Hope sparkles through the LASPO clouds at LAG Legal Aid at 70 conference
Marc Bloomfield
A packed LAG conference held in London last week (5 April 2019) to celebrate the 70th anniversary of legal aid heard from many of the profession’s leading lights. Keynote speaker Lady Hale expressed concerns about the cuts under the Legal Aid, Sentencing and Punishment of Offenders Act 2012 (LASPO), particularly their impact on family law.
Lady Hale, who is president of the Supreme Court and a long-time supporter of LAG, said that due to the LASPO changes, there had been increases in family law cases and litigants in person, and this ‘was always going to happen’. She also said that while McKenzie friends in court can be helpful, some were turning themselves into ‘unregulated fee-charging services’ and this raised the issue of how they should be overseen.
Not unexpectedly, the recently published reports of the LASPO post-implementation review1Post-implementation review of Part 1 of the Legal Aid, Sentencing and Punishment of Offenders Act 2012 (LASPO), CP 37, MoJ, February 2019 and Post-implementation review of Part 2 of the Legal Aid, Sentencing and Punishment of Offenders Act 2012 (LASPO), CP 38, MoJ, February 2019. and were a big topic of discussion. Lady Hale was supportive of the review, but warned that ‘however, well-meaning the lord chancellor’, we are not likely to return to previous levels of funding for legal aid.
Speakers at the conference, which was held at the City firm Herbert Smith Freehills, included Marcia Willis Stewart QC (Hon) of Birnberg Peirce. In her speech, she listed listed the many reviews and reports that had made recommendations around the need for ‘equality of arms in inquests’. Despite public funding being available for public bodies, including the police and NHS, the government in the report published this year of its review into legal aid for inquests2Final report: review of legal aid for inquests, CP 39, MoJ, February 2019. did not recommend that legal aid should be extended to bereaved relatives, leaving them, she said, in an ‘unjust and iniquitous position’.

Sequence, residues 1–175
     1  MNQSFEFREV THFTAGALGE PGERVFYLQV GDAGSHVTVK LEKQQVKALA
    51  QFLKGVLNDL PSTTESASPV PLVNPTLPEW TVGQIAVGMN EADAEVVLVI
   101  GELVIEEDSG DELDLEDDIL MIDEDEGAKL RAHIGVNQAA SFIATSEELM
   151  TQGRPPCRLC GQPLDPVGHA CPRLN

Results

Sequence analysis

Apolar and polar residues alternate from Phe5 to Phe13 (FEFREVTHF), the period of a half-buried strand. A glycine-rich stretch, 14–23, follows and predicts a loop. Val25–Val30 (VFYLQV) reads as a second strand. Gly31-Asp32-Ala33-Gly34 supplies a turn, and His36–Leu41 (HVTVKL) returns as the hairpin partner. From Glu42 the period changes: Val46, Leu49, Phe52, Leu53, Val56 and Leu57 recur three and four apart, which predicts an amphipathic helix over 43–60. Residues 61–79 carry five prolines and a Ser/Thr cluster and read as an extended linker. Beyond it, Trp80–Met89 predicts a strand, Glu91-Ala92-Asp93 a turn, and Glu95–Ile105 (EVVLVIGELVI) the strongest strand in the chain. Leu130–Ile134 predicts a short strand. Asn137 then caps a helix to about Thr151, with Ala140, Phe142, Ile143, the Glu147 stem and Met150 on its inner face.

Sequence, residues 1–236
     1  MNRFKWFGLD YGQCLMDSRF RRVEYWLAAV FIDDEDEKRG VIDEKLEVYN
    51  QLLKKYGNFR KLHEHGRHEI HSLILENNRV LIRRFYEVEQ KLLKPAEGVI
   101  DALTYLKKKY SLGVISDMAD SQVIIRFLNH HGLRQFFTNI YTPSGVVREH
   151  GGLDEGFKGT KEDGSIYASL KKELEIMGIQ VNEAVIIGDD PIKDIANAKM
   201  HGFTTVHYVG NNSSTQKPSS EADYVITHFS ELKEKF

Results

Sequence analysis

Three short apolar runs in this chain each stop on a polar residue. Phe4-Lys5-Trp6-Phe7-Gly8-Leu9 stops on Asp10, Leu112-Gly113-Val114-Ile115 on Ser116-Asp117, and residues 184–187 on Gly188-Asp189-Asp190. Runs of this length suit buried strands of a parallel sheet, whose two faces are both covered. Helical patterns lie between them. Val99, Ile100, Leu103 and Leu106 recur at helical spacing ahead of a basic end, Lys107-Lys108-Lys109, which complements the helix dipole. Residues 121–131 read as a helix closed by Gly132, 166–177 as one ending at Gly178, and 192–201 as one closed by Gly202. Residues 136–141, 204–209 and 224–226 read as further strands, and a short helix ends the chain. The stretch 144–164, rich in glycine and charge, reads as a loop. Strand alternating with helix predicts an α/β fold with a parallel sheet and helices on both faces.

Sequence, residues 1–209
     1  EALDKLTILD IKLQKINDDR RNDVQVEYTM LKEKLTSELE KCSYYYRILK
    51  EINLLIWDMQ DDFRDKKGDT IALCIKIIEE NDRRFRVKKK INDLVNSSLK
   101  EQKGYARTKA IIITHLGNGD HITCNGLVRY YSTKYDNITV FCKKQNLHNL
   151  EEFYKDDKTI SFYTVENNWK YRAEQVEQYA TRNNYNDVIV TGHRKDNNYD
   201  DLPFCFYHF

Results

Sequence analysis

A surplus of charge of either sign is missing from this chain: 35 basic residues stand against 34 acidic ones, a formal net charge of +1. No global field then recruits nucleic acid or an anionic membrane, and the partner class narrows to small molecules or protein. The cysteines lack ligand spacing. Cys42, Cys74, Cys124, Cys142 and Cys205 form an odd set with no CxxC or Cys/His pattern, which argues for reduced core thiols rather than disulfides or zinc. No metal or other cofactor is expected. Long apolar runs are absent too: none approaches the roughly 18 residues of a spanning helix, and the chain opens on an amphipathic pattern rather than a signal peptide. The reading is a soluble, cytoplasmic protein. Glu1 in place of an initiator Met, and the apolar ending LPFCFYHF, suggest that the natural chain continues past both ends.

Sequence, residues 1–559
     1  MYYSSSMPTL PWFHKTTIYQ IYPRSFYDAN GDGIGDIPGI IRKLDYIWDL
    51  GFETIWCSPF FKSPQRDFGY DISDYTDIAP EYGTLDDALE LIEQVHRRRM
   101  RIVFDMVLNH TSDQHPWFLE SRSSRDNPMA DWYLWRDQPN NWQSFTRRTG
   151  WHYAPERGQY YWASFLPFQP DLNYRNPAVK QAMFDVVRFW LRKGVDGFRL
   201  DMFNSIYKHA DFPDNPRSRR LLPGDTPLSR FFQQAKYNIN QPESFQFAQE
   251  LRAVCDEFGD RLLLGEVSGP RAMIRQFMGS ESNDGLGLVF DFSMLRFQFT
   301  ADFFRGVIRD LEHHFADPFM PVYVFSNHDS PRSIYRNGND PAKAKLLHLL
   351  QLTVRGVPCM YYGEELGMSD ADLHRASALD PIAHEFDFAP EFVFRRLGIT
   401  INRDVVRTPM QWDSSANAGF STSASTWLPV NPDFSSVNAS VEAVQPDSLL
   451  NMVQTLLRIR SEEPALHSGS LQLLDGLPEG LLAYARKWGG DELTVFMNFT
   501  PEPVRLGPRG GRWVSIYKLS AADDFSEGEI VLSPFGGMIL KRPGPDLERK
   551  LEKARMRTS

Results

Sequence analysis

In a breakout session on civil legal aid, Sue James, director of Hammersmith and Fulham Law Centre, said it often felt like the Legal Aid Agency was your ‘second opponent’ due to problems with CCMS (the client and cost management system) and the administration of legal aid applications. ‘Some LAA offices seem to understand the law and procedure better than others,’ she said. ‘We really should be on the same side.’
The afternoon session of the conference kicked off with a speech from Fiona Rutherford, deputy director of legal aid strategy and policy at the Ministry of Justice (MoJ). According to Rutherford, the MoJ’s ‘ambition is to catch problems early’ and it is ‘absolutely committed to sharing and openness’ with legal aid providers in the review process. She discussed the early advice pilot and the reviews which have been announced by the MoJ (including the pilot for early face-to-face advice in social welfare law) and said it had a commitment to ‘deliver evidence-based policy change’.
In a final session, delegates enjoyed a light-hearted debate between lawyers on the greatest legal aid case ever. A low-key, unreported case taken by LAG author Diane Astin, a solicitor at Deighton Pierce Glynn, won the day. She told the conference how supporting a 16-year-old homeless asylum-seeker to enforce his rights under the Children Act 1989 led to him being able to transform his life.
Despite the frustrations with the legal aid system to which many speakers referred, the mood of the conference was generally upbeat and celebratory. Lady Hale said she believes there are ‘reasons to be cheerful’, adding: ‘The message must be that there is still a role for publicly funded legal services to play within our system.’
Speeches from Lady Hale and LawWorks CEO Martin Barnes are available to download and read here.

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